Flash memory is a widely used, reliable, and flexible nonvolatile memory to store software code and data in a microcontroller. Failing to handle the flash according to data-sheet specifications may re | Doc
• Understanding MSP430 Flash Data Retention
The MSP430 family of microcontrollers, as part of its broad portfolio, offers both read-only memory (ROM)-based and flash-based devices. Understanding the MSP430 flash is extremely important for effic | Doc
• MSP430 32-kHz Crystal Oscillators (Rev. C) | Doc
• CRC Implementation with MSP430
Cyclic Redundancy Code (CRC) is commonly used to determine the correctness of a data transmission or storage. This application note presents a solution to compute 16-bit and 32-bit CRCs on the ultra l | Doc
• Random Number Generation Using the MSP430
Many applications require the generation of random numbers. These random numbers are useful for applications such as communication protocols, cryptography, and device individualization. Generating ra | Doc
• Advanced Debugging Using the Enhanced Emulation Module (EEM) With CCS v6 (Rev. E)
This document describes the benefits of the Enhanced Emulation Module (EEM) advanced debugging features that are available in the MSP430 devices and how they can be used with Code Composer Studio (CCS | Doc
Evaluation Kits
MSP-TS430DW28: MSP-TS430DW28 - 28-pin Target Development Board for MSP430F1x and MSP430F2x MCUs
MSP-TS430PW28: MSP-TS430PW28 - 28-pin Target Development Board for MSP430F1x and MSP430F2x MCUs
MSP-PRGS430: MSP430 OTP & UV-EPROM Serial Programmer


Features, Applications

Ultra-low power consumption - 400-A active mode - 1.3-A standby mode - 0.1-A off mode High throughput processor - 16-bit orthogonal RISC architecture - Most instructions executed within a single 200-ns cycle operating at 5 MHz - Seven different address modes for 51 (27 core) instructions Hardware multiplier Integrated 14-bit A/D converter Integrated LCD driver Integrated USART Various timers

From the beginning, the design objective of the MSP430 team was to focus on the ultra-low power consumption of the complete system. The goal was to create a microcontroller which consumes very little current in the sleep modes and performs the given tasks in the active mode as fast as possible. To reduce the current consumption of a system, the MSP430 allows designers the ability to influence the active current consumption and active time as well as sleep mode current consumption and sleep time. The active mode current consumption of the in a typical 3-V system. The time to wake-up from the sleep mode to a total functional system takes a maximum of 6 s. This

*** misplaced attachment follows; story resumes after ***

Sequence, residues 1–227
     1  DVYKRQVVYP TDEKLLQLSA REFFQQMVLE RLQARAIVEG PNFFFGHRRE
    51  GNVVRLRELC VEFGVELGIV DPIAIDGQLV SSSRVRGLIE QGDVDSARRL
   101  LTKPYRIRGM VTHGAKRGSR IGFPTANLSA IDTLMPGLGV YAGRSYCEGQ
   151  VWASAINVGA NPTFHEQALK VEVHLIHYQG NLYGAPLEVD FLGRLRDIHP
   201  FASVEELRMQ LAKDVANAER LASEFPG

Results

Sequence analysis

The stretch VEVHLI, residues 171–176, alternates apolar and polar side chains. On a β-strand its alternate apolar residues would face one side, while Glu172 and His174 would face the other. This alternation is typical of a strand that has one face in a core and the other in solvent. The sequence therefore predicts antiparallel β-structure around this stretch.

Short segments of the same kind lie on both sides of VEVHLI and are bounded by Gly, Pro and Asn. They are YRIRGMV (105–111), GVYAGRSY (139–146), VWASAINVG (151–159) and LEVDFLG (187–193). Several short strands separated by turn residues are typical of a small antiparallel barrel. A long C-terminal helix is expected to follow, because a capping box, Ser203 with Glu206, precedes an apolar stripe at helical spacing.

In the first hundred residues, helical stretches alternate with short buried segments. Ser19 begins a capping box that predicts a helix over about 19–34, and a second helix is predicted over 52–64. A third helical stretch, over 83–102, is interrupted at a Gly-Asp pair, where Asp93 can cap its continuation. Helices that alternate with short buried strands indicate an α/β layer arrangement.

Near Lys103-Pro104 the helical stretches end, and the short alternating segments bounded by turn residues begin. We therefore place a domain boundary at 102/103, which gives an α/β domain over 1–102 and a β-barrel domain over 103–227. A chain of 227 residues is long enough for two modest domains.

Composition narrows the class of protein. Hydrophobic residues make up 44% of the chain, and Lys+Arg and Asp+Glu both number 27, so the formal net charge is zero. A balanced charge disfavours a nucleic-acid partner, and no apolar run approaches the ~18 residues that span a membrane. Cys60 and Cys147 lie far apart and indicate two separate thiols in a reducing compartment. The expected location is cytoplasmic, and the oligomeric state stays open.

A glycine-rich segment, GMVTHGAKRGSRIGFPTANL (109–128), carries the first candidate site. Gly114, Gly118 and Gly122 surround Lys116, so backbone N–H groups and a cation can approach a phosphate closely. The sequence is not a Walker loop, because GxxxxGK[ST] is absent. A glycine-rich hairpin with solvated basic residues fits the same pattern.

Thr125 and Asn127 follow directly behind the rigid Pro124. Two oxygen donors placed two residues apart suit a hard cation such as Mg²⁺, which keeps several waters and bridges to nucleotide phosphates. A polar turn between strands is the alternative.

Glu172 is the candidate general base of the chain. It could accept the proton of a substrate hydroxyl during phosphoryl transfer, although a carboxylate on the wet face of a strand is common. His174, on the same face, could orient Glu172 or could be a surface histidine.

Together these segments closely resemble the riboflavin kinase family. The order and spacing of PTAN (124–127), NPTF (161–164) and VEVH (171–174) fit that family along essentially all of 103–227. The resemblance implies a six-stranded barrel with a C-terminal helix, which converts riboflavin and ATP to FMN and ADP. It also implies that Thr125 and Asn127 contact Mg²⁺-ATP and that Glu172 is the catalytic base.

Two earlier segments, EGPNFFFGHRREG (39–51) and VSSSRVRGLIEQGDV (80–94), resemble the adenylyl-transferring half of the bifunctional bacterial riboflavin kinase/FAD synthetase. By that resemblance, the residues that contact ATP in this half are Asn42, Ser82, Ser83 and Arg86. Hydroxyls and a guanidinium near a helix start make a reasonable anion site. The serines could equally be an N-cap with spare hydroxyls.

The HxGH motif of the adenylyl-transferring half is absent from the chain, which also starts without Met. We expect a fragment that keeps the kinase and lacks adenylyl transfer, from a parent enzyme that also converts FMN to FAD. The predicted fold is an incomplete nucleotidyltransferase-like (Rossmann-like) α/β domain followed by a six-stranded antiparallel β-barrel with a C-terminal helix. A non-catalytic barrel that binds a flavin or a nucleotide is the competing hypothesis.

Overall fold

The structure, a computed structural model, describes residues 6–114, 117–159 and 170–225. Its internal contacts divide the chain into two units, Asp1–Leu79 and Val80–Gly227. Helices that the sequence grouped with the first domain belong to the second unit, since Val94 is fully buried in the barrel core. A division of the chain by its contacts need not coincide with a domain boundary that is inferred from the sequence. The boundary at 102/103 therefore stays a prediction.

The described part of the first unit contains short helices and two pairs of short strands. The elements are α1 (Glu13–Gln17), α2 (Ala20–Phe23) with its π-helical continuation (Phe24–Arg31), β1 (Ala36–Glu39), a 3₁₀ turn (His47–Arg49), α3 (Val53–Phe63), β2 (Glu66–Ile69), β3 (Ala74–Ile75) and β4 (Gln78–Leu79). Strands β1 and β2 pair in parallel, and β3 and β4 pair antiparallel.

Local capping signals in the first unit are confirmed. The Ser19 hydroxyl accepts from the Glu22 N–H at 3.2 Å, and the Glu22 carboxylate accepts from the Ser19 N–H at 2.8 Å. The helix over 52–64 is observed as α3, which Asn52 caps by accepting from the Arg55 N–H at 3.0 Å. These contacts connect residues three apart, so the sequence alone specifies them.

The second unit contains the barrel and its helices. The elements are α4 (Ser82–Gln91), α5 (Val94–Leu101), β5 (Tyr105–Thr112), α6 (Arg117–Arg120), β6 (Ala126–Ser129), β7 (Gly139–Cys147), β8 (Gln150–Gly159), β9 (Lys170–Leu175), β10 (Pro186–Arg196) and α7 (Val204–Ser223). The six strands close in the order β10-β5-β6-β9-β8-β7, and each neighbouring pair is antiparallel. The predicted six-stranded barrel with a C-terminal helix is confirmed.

allows the be in sleep modes longer and eliminates unnecessary energy use in the active mode. The powerful 16-bit CPU core ensures a fast

execution of the tasks and therefore reduces the active time. This means that the higher the performance of the CPU core, the lower the system power

A full range of MSP430 evaluation and support tools are available and provide easy-to-use design solutions.

In a modern household, many electronic applications like TV sets or stereo systems are permanently in a standby mode. Assuming the total standby power in a household W, a country with 40 million households requires 400 MW just to supply the standby energy. This means that a mid sized power plant is working only to supply the standby energy for these parts. The is an ultra-low-power microcontroller family and can help to reduce this standby current. The typical current consumption in low-power mode is 1.3 A, where the device is still capable of displaying information on the LCD display or keeping a real-time clock updated. This ultra-low-power consumption is no limitation for the outstanding high processing capability. The 16-bit RISC CPU core can perform tasks like calculation of the energy, faster than conventional 4- and 8-bit microcontrollers. This combination sets a new benchmark of processing capability versus energy consumption. The MSP430 offers 1200 MIPS/Watt in active mode. Finally, the high integration of the MSP430 allows the user to build up a system with a minimum of external components. This leads to very cost competitive system solutions.